Will This Work?
Inquiry-based learning: Instead of just presenting the facts, use questions, problems, and scenarios to help students learn through their own agency and investigation. – Edutopia
A highlight of my week was a visit to a third grade classroom during a science block. It’s important to note that my visit took place during the last half-hour of the last school day of the week. One might think that during the final 30 minutes before school lets out for the weekend, students and teachers are beginning to turn their focus to the two days of rest and relaxation ahead. When I walked into this classroom, however, I found a class buzzing with learning and excitement.
Equipped with simple circuit boards made up of batteries and wires as well as a basket of supplies such as pencils, paperclips and even small stuffed animals, students were challenged to make closed circuits that resulted in a small lightbulb glowing or a mini-fan blowing. Through their investigations, they were to determine which materials are conductors of electric currents and which are insulators.
As I walked around the room and leaned in to small groups of students, it was quite obvious that they clearly understood the task, were able to use relevant vocabulary, and were beginning to make generalizations about their findings. For example, when I asked a pair of students what they were learning about, one replied, “We have to find out what are good conductors of electricity. We found out that the binder clip is. We think it’s because it’s metal. Now we’re going to try the paperclip.”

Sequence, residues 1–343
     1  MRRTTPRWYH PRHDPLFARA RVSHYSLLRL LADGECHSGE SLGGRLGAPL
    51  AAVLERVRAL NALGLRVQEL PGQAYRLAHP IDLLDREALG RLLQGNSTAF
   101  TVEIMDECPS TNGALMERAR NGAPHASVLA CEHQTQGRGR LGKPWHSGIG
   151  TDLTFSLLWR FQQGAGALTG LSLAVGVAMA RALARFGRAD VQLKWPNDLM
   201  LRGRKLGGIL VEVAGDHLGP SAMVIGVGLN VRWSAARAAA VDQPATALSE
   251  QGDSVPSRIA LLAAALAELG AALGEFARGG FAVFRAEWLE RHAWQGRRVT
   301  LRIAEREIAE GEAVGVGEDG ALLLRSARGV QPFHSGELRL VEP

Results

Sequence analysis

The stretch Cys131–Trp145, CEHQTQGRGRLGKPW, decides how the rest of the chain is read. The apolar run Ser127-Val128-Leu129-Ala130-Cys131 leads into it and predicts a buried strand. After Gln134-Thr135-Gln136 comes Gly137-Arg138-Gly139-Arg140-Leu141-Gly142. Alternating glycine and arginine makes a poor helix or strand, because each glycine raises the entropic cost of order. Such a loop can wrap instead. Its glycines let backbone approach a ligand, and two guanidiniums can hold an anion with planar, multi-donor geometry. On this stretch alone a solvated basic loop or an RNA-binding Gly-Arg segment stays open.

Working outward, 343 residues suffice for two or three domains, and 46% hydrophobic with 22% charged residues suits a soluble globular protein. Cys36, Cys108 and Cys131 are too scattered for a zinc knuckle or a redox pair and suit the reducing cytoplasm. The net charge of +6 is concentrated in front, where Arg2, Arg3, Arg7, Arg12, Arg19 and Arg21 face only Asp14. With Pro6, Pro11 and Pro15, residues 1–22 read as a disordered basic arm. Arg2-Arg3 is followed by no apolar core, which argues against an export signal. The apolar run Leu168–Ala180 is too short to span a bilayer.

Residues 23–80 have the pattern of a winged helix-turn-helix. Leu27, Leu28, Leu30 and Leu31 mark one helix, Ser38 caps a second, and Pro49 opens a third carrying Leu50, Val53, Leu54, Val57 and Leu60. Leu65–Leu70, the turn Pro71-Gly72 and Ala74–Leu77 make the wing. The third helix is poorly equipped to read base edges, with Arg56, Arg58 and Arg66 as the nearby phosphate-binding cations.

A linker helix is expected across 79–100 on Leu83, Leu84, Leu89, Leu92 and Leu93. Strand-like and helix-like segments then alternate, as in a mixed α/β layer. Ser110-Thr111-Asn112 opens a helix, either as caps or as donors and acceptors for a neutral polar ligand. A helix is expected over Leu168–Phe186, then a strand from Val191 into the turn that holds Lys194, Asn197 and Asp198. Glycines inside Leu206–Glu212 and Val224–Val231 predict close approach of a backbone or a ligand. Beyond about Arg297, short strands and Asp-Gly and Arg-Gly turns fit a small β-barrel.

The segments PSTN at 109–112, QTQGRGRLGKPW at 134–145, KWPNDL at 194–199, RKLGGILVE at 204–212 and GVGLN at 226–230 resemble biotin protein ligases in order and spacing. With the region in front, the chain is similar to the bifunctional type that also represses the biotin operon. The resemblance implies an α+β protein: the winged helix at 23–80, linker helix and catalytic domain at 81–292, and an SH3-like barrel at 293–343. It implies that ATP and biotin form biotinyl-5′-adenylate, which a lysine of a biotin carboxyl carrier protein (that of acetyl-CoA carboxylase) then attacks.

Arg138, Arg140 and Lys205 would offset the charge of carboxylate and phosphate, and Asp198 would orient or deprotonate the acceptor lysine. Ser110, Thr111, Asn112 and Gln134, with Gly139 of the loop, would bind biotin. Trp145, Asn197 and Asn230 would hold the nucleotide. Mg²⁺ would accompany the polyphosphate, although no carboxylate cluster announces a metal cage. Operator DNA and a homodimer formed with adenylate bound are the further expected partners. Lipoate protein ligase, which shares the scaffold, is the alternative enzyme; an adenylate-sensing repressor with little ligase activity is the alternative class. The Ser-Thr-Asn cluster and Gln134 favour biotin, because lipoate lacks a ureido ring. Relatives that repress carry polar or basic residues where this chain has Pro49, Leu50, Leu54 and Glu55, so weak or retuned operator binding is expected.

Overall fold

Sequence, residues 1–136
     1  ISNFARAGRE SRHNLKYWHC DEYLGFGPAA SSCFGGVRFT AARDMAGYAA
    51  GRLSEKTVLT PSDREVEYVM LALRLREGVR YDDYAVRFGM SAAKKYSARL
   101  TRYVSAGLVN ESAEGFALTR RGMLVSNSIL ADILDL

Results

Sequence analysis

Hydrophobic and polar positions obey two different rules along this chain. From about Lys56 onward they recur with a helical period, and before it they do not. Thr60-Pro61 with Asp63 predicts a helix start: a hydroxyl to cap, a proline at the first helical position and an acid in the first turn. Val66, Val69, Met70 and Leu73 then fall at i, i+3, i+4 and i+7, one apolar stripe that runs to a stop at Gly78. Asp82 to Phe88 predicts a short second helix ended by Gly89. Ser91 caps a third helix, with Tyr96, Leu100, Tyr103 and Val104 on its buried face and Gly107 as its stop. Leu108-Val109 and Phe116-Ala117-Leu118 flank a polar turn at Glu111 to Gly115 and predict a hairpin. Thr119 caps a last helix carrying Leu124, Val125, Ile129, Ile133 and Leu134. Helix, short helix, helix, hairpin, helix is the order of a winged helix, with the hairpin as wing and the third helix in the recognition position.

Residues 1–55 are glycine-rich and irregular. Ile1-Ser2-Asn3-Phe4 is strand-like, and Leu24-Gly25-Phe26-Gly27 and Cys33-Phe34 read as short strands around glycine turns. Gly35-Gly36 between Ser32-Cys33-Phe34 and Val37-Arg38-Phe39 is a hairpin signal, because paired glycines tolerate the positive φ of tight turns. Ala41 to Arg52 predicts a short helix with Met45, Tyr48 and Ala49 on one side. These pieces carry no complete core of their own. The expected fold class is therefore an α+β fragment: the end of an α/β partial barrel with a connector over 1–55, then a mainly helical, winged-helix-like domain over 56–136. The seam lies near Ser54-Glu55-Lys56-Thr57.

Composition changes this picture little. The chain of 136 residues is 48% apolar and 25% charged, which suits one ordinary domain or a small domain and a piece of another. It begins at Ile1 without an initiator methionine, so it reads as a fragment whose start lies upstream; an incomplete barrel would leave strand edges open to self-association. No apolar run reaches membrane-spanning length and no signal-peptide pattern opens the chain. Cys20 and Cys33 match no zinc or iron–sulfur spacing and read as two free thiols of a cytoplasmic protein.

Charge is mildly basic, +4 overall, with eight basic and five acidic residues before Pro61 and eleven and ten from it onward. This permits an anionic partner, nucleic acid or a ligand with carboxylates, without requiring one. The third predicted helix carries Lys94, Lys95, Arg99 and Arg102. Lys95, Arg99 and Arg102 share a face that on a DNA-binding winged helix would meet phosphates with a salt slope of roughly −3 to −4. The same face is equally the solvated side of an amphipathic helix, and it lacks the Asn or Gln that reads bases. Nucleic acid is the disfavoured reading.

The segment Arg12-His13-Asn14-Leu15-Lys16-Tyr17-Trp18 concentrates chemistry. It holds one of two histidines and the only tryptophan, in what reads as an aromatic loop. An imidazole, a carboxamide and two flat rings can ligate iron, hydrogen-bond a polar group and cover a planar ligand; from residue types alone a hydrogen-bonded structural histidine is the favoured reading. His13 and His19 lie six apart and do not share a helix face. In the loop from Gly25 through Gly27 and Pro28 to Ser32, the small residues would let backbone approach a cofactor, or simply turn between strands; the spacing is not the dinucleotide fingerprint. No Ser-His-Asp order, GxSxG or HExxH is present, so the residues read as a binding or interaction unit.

I asked if the mini stuffed shark might be a conductor. One student said no because it wasn’t made of metal. The other said, “Are you sure? Maybe it does! Let’s try it!” When the shark did not complete the circuit and the lightbulb didn’t light up, I asked why it hadn’t worked. The answer? “Because it’s a… a… what is it… insulator! That’s the word! That means it doesn’t let the electricity through.”
As students explored and investigated, the teacher and instructional assistant guided students’ learning with open-ended questions. They would ask, “Why do you think that will work?” “What could you do to find out?” “How is that material the same or different from other materials you have tried?” “What else could you try to see if your idea is correct?” And when students had their own questions, rather than providing answers they were encouraged to discover the answers themselves.
What a masterful example of inquiry-based learning this experience was for the students. And what a masterful example it was of how rich learning can take place right to the very last minute of a long school week.
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